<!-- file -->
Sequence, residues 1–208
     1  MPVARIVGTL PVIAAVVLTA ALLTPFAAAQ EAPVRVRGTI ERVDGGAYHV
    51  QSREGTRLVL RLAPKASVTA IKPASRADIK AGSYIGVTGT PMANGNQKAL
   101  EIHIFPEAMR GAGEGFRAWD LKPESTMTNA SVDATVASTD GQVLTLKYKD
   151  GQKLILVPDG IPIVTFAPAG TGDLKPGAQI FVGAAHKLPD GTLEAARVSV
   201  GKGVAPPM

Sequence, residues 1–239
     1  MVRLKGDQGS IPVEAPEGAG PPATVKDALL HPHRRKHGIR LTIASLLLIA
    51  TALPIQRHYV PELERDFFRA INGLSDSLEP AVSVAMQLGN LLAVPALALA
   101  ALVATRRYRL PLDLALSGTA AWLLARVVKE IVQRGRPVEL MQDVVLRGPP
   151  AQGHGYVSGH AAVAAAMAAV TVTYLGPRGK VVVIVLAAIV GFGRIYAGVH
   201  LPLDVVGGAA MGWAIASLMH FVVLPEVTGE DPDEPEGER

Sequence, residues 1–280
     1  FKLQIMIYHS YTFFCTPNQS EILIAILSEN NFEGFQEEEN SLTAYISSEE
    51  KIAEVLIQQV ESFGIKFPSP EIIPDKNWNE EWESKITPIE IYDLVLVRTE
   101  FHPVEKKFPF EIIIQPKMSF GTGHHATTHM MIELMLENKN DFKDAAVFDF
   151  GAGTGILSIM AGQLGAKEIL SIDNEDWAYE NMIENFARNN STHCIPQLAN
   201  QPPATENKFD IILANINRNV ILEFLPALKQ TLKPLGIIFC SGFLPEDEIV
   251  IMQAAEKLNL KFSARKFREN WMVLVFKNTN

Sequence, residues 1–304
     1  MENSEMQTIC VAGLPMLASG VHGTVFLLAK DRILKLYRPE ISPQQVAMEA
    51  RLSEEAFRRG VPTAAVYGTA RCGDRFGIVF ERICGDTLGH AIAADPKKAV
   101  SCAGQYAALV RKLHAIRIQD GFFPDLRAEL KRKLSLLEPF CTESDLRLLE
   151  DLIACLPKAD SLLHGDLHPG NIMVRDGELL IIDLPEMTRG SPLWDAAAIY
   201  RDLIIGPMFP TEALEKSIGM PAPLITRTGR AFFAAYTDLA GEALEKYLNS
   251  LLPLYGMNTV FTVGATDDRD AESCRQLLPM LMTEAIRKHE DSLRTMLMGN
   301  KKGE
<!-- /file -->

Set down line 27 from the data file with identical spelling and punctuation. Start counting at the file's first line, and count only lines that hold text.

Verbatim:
   301  KKGE